At Pacific Science Center in Seattle, we have created a rapid-change, configurable space that features current health science research from the Pacific Northwest, one of the world’s top areas for biomedical research. Launched in 2012, the Studio was conceived as a way to integrate current science into a larger permanent installation, Professor Wellbody’s Academy of Health & Wellness. Each Studio exhibit is on display for six months and utilizes research artifacts, multimedia displays, and hands-on interactives while serving as a venue where local researchers can communicate their work directly to visitors.
Gyroscope, Inc., designed the reconfigurable space, and Group Delphi fabricated the exhibit. Metal pegs lock into cleats on the back of graphic mounts, artifact cases, and multimedia kiosks. The free-floating cases are also completely reconfigurable—they can hold graphics, touchscreens, or artifacts. The design is clean and flows into the larger exhibition. Because the Studio is highly mutable, exhibit turnover is only one week, with quick and easy installs and deinstalls reducing staff time. During the six-month display of the exhibit, research, development, and fabrication of the next exhibit takes place. The modular nature allows us to develop exhibits for a very attractive price point to new funding opportunities.
One of the challenges of creating exhibits on such a tight timeline is producing extensive hands-on interactives that are on par with the interactives in the immediate surrounding area. To compensate, the exhibit integrates regular, facilitated, face-to-face events through the Portal to the Public and staff-led programs. Portal to the Public trains scientists to communicate their scientific research in a museum setting. Following training, the scientists commit to participating in monthly events in the exhibit space, where they present their work in an accessible and engaging manner through a hands-on activity related to their research and linked to the exhibit content. Science center staff members facilitate hands-on learning activities in the Studio space daily through content-linked cart activities. The ease with which exhibits and programs can be integrated and changed out frequently allows Pacific Science Center to bring cutting-edge research to our visitors on a regular basis.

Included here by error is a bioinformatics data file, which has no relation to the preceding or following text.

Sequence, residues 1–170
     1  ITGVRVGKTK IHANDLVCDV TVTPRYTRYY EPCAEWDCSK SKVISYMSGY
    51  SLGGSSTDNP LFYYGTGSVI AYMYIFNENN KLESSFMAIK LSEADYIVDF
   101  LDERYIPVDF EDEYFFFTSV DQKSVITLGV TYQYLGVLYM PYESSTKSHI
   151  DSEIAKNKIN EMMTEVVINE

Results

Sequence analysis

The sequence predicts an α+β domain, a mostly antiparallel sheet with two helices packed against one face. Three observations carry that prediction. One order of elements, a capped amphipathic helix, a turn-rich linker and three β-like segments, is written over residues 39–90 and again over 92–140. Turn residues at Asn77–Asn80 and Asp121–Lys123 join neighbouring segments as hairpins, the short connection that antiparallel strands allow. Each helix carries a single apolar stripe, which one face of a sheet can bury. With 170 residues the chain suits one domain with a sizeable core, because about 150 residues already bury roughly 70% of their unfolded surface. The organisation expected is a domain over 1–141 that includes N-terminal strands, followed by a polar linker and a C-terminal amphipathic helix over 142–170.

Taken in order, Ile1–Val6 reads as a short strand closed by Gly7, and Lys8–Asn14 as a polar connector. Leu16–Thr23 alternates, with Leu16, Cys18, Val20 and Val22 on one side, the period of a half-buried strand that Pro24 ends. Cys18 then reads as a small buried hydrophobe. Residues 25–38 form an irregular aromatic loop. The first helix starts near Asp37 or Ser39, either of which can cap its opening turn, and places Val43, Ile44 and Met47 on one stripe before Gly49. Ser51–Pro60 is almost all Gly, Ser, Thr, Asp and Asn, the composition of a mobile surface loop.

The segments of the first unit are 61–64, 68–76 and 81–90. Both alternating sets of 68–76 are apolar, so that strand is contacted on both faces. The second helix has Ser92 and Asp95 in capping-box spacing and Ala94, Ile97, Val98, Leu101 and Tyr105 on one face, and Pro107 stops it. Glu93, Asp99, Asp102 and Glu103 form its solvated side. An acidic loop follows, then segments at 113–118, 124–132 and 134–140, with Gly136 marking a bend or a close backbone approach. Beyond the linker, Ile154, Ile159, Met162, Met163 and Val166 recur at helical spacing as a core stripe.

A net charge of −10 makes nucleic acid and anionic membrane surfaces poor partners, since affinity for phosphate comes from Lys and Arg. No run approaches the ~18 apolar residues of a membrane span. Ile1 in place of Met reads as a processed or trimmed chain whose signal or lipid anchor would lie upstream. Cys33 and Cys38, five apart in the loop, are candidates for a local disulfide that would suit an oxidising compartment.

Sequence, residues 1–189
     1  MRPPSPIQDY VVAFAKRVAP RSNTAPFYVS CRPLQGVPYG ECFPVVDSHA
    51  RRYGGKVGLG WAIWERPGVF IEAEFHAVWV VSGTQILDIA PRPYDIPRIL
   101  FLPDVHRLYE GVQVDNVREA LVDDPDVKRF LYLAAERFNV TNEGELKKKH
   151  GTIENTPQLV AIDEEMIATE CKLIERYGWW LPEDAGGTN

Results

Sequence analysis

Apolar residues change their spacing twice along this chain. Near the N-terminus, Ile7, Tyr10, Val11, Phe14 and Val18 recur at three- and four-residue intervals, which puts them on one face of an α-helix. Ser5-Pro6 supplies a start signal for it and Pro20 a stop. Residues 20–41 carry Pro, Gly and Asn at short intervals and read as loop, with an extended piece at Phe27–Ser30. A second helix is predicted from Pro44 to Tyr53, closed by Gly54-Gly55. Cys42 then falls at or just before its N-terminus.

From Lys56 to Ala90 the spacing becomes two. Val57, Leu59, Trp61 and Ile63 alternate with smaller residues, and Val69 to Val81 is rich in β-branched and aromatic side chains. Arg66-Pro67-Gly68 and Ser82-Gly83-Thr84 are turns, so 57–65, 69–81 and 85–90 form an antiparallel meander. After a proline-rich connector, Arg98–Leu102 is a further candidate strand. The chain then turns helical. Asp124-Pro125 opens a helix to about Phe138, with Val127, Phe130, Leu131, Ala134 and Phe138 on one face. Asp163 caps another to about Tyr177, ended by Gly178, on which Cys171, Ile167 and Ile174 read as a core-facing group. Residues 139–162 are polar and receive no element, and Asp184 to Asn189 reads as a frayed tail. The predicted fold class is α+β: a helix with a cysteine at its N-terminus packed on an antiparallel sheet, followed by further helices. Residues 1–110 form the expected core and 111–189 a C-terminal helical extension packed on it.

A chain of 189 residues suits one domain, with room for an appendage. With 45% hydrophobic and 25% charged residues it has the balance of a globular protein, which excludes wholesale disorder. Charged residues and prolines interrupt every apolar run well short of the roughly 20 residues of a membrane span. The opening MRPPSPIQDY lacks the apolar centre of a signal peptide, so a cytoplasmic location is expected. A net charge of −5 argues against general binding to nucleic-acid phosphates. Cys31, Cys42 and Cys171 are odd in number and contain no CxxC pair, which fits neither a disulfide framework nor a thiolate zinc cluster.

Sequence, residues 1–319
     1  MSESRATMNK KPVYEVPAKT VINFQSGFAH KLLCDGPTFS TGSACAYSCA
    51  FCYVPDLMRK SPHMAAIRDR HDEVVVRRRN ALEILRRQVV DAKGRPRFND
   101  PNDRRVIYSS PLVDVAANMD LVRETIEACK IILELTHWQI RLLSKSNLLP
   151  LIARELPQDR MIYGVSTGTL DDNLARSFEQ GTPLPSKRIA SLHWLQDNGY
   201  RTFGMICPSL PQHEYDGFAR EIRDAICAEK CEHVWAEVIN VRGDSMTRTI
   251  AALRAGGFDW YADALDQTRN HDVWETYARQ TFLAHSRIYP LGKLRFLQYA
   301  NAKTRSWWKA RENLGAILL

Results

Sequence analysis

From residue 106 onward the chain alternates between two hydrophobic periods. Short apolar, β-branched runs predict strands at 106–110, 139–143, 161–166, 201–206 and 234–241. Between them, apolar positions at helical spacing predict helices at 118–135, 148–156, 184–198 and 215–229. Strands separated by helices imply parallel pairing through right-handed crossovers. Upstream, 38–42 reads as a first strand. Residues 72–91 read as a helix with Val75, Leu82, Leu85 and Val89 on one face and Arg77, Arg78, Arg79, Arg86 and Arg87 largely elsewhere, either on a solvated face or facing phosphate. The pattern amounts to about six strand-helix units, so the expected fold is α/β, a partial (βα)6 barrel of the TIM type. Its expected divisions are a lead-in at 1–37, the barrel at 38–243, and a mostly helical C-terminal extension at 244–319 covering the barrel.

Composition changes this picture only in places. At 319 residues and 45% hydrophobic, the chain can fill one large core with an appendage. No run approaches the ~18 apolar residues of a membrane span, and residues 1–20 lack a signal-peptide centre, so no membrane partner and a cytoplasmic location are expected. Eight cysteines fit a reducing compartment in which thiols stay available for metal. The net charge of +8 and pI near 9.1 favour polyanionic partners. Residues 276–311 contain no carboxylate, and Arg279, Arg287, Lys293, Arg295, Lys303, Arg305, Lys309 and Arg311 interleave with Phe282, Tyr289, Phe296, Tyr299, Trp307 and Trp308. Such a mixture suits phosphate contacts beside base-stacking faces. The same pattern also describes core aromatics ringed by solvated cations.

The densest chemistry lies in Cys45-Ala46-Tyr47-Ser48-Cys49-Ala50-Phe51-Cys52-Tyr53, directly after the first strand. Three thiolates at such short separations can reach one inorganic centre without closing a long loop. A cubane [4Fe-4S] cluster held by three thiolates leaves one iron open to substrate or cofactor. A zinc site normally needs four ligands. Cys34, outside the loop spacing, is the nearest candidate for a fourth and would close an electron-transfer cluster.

The development of the Studio has been funded by grants from the Institute of Museum and Library Services and the Science Education Partnership Award (SEPA) Program, sponsored by the (U.S.) National Institutes of Health.
Mary Olson, current science project manager, Pacific Science Center, Seattle
Engineering a Valuable Exhibit Design Partnership
Set in State College, a rural town with a large university, Discovery Space of Central Pennsylvania learned early on the power of engaging undergraduate students in mutually beneficial ways. We opened in 2011 with a handful of part-time staff that did not include an exhibit designer. With an exhibit gallery of only 2,500 square feet (232 square meters), it quickly became apparent that it was important to make regular changes to keep a fresh feeling in the small space. Doing this with limited staff and budget is an enormous challenge.
The future was unclear until a professor of mechanical engineering from Pennsylvania State University stopped by with a bright idea: Allow one section of his class to apply their newly acquired engineering skills to designing hands-on exhibits, with Discovery Space as a customer. Five semesters later, this partnership is only getting stronger. The museum staff is getting better at clearly communicating needs, and the professor and students have learned what exhibits work well in our space. Students visit the museum early in the semester to understand our needs and mission and to learn from the successes or failures of past exhibits. Museum staff members work hand-in-hand with the professor and the students during the design process, until finally, students bring their projects to the museum for evaluation and to be tested by visitors.